Pay attention to your body. Be mindful if you find yourself slouching or if any area of your body feels discomfort, and make the proper adjustments. Focus on maintaining an S shape curvature in your spine. If you do have a desk, positioning your chair fully underneath your desk helps promote good posture. Chairs with armrests are preferential to those without. If you are looking to purchase a desk and/or chair for your home, look for those designed with ergonomics and posture in mind.

    Sitting for long periods is not recommended. Getting up and moving around every 30-40 minutes can help reduce strain on your body and be an excellent reminder to check and reset your posture when you sit back down. For example, look down at your computer with your eyes instead of your neck. A laptop stand can also help raise your laptop closer to eye level, which can help with your posture. Take breaks to stretch. No matter where you are working, you can make your workspace more conducive to promoting good posture, such as using cushions to push your body into the proper position.

  • Separating Work and Personal Life

    Another challenge remote workers face is separating their work and personal lives. When you are working from home, it can be hard to do so as you technically never leave your workspace to "go home," and it can be easy to continue with work and not separate time for yourself and other aspects of your life. However, the following tips can help you set clear boundaries that help keep your mind off work while enjoying your downtime.

    Set your work schedule and stick to it. Doing so can push back other activities and responsibilities in your life, which could eventually lead to you going to bed later, impacting your sleep. This can potentially affect your work performance and further impact your personal life.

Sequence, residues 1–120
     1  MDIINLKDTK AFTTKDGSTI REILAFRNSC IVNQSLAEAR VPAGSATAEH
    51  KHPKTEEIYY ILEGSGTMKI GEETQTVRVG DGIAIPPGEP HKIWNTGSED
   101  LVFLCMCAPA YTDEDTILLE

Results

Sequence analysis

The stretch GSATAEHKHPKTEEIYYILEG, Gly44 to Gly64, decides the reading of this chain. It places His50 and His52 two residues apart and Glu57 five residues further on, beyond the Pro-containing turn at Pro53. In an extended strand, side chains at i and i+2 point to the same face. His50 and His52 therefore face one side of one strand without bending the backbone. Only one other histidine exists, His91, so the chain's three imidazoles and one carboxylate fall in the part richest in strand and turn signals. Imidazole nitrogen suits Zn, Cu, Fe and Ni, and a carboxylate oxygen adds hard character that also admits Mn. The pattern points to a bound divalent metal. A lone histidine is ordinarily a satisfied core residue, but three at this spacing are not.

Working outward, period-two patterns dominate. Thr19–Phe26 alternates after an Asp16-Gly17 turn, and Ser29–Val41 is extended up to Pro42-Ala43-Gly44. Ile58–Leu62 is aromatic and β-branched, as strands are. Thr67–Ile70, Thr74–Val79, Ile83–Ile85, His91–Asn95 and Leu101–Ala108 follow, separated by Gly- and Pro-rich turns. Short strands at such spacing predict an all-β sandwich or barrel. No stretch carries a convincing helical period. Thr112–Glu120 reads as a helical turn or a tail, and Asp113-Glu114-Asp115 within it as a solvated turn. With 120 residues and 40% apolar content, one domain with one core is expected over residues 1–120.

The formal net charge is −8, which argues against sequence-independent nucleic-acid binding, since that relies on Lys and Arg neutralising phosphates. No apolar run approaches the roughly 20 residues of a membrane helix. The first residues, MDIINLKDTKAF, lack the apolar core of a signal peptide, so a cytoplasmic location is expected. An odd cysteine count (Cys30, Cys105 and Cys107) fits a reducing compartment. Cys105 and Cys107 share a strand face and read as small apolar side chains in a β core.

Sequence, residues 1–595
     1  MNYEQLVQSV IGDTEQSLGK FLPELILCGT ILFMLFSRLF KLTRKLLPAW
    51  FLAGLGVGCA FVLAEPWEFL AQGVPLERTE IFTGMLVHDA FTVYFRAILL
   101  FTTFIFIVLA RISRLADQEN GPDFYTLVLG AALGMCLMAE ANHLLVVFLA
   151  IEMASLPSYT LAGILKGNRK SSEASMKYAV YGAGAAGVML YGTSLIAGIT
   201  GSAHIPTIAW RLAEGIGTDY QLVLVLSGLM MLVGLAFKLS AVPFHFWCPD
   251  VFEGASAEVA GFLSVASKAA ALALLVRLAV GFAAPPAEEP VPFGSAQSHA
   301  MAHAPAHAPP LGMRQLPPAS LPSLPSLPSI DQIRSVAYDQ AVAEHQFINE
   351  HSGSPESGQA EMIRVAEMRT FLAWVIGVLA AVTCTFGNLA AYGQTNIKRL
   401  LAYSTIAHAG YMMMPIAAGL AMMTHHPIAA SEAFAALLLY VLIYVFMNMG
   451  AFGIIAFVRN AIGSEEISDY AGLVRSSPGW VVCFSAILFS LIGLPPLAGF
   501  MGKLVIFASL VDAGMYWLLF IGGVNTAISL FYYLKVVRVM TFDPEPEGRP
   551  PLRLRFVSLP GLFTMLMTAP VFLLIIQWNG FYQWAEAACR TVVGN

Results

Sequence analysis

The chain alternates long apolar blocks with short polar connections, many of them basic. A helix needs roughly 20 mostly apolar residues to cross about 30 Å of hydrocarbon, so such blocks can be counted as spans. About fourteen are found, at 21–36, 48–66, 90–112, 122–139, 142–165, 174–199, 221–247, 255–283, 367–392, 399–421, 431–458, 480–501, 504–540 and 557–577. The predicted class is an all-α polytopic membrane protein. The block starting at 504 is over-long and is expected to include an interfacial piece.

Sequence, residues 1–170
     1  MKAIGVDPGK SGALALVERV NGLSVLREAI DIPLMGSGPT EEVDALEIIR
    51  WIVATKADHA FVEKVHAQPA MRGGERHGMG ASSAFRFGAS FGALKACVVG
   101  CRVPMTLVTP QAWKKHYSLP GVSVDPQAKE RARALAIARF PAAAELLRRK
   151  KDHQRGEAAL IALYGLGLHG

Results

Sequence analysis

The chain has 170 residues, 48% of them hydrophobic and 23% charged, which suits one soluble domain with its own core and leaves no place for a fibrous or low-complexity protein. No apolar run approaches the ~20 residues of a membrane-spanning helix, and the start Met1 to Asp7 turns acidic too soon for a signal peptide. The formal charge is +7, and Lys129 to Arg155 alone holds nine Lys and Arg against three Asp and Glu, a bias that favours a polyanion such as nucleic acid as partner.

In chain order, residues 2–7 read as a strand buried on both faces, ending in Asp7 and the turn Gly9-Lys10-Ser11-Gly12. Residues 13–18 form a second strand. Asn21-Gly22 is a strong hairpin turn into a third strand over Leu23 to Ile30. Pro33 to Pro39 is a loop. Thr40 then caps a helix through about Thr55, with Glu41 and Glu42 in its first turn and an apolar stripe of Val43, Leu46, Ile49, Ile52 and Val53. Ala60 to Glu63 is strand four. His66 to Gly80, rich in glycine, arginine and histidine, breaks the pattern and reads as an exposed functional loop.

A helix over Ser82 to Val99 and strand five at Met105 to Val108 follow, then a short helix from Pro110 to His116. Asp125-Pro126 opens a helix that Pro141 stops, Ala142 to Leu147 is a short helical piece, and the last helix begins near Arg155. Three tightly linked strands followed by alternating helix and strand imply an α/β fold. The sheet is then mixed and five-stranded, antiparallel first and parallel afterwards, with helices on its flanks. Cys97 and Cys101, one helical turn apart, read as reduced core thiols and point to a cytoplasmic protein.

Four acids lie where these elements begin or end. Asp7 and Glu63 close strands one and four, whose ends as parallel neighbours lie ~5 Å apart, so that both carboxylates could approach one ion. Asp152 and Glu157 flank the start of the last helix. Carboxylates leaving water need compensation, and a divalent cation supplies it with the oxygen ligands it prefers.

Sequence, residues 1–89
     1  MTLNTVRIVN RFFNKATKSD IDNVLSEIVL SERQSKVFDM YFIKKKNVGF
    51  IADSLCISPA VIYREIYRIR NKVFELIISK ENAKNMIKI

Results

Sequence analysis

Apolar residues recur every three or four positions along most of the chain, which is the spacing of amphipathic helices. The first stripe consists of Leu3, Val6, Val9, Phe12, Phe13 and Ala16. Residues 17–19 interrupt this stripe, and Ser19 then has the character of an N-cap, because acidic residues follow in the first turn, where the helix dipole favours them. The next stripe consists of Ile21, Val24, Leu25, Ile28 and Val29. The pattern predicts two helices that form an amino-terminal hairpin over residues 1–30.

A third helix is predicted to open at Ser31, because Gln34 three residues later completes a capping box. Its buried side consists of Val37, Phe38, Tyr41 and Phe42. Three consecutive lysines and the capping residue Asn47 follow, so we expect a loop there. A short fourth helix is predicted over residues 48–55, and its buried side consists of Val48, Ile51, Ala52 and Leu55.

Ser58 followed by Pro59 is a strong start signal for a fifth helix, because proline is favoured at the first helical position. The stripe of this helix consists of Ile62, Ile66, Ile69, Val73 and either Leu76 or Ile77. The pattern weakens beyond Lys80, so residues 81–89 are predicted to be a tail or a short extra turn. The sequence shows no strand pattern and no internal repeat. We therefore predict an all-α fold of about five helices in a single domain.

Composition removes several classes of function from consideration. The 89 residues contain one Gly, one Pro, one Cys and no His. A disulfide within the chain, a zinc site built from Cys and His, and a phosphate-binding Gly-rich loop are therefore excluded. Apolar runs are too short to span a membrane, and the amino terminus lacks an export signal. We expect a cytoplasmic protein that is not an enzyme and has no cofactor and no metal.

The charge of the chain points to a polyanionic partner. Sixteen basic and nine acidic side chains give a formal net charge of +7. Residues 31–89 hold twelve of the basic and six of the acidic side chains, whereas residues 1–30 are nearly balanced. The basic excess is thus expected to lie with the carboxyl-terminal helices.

Try to avoid working extra hours past the allotted time for work. Avoid checking and responding to your work emails when you have finished your workday. Also, try to avoid talking about concerns about work with family, friends, and colleagues outside of work.

    Have a set routine to follow when you "get off" of work. This can be a ritual that helps you unwind and take your mind off work. Going for a walk, running errands, taking a shower, journaling, going out to eat with friends and family, or cooking dinner at home are some potential options for a daily ritual that helps you take your mind off work and focus on other areas of life. Having interests, hobbies, and projects outside of work and enjoying the personal relationships in your life are also beneficial aspects of having a healthy work/life balance. Focusing on getting adequate and high-quality sleep based on a set sleep schedule will also help your daily routine and create a well-balanced life when working from home.

In Conclusion, working from home can be a rewarding and liberating aspect of one's life; however, it must be balanced with healthy habits to maintain a routine that enhances one's overall quality of life.